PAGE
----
The prolific Phil Steele has churned out his latest preseason accolades. The industry workhorse will release his All-American list on June 1 and is slowly rolling out his national top 25, but he’s already locked in the all-conference teams. Here are a few highlights from his inaugural preseason All-Pac-12 selections.
1. Cal has three All-Pac-12 players on offense, and all three are about in their appropriate place. Mitchell Schwartz, who will most likely play right tackle, makes the first team as the Bears’ best offensive lineman; he moves to the other side of the line to protect the blindside of lefty QB Zach Maynard, who was announced as the starter two weeks after spring camp.
Sophomore wideout Keenan Allen makes the second team, with Jermaine Kearse (Washington), Juron Criner (Arizona) and Robert Woods (USC) taking up the three first-team slots at the position. Allen, Maynard’s half-brother, showed glimpses of superstar potential in his freshman campaign, but lacked consistency down the stretch. Criner and Kearse are both seniors; the former led the conference in reception yards, while the latter was fourth. Cal senior Marvin Jones, who is solid if not always spectacular, grabs a third-team spot.
2. Linebacker Mychal Kendricks leads the Bears’ defensive group with a first-team selection. The senior has been among the team’s leaders in tackles for the past couple of years, and made the second team after last season. Also, he once emasculated UCLA’s Derrick Coleman. Linebacker D.J. Holt — a preseason third-teamer — filled in admirably for Mike Mohamed when the now-Denver Bronco was injured early last fall and ended the season second on the team in tackles.
Safety Sean Cattouse and defensive tackle Trevor Guyton both made the fourth team. Cattouse has made six starts in each of the past two seasons — a All-Pac-10 honorable mention both times — and emerged in the second half of 2010 to earn significant playing time. Guyton steps into the spot vacated by first-round draft picks Cameron Jordan (24th overall, 2011) and Tyson Alualu (10th overall, 2010). He’s not nearly as good as either of them, but has great physical tools; fourth-team is a little surprising given that he’s relatively unproven, but it might look foolishly low in December.
3. Punter Bryan Anger is an easy choice for All-Pac-12 first team, seeing as he made All-Pac-10 first team twice already and has been one of the best in the country. He does, however, seem to shank the occasional punt on the road. Kicker Giorgio Tavecchio, who’s taken flak for wilting in big moments and missing a few chip-shot field goals, gets the fourth-team spot. Fans might groan when they think back to last season, and All-Pac-12 is likely a tad generous unless he becomes more consistent.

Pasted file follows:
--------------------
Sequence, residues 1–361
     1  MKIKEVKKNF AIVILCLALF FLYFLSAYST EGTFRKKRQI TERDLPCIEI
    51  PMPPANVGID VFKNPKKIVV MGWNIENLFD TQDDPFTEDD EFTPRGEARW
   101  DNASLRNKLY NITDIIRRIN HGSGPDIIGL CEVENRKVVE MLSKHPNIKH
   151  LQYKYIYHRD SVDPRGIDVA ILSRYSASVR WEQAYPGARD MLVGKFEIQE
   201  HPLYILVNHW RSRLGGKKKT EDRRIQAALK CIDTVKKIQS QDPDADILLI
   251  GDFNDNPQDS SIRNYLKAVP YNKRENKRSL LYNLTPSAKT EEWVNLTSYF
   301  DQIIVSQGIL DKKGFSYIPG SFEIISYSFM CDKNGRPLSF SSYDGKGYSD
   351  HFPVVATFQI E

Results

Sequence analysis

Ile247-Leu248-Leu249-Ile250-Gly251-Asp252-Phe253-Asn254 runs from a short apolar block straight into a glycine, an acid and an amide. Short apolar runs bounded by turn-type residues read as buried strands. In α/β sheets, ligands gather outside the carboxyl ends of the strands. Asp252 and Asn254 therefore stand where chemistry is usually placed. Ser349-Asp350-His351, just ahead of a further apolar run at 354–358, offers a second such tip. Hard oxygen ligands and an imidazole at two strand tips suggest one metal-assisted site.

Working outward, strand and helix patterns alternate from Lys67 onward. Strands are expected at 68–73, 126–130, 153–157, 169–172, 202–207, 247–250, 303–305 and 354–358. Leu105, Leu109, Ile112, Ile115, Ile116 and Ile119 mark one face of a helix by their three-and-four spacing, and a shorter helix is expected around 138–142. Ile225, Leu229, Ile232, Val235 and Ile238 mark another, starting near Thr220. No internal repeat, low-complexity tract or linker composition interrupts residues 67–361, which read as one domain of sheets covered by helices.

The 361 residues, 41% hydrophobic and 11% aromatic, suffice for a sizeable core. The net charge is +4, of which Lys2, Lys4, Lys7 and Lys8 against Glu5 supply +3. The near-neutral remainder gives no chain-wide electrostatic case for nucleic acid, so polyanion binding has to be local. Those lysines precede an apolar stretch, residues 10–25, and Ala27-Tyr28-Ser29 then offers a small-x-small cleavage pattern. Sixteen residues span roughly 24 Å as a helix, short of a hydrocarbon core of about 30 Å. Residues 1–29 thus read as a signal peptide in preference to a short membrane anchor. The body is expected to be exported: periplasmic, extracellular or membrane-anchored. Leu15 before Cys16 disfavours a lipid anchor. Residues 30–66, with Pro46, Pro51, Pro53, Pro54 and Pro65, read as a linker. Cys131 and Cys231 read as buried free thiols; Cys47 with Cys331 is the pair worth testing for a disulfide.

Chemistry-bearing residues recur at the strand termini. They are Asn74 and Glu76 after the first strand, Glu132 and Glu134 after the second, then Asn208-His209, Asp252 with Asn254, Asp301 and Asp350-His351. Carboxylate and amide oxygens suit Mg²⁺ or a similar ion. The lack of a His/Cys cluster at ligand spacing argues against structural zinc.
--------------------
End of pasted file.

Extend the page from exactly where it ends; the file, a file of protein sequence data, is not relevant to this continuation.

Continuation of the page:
4. The Pac-12 almost certainly houses the most talented set of QBs in the country. Stanford’s Andrew Luck — the Heisman frontrunner — heads the first team, followed by USC’s Matt Barkley, Oregon’s Darron Thomas and Arizona’s Nick Foles. Foles had the sixth-best completion rate in the country last fall, partially due to an offense that had him throw a lot of passes to the tailback in the flat. Behind this set, you have a solid group of young talent in Washington State’s Jeff Tuel, Oregon State’s Ryan Katz and Utah’s Jordan Wynn, who gets the benefit of having offensive coordinator Norm Chow.
5. USC leads the conference with six selections on both offense and defense. Sophomore receiver Robert Woods is also a first-team kick returner, rounding the total to 13. The Trojans are still banned from the 2011 postseason.
Oregon has six offensive selections and four defensive picks; first-team cornerback Cliff Harris doubles as the conference’s best punt returner and kicker Rob Beard made the second-team for a total of 12. The Ducks tie USC for the most total first-team selections with six.
Stanford has five on offense and four on defense, plus two players on special teams for 11 total. Cal has a total nine selections on offense, defense and special teams. New conference addition Utah also has nine total, while Colorado has seven.
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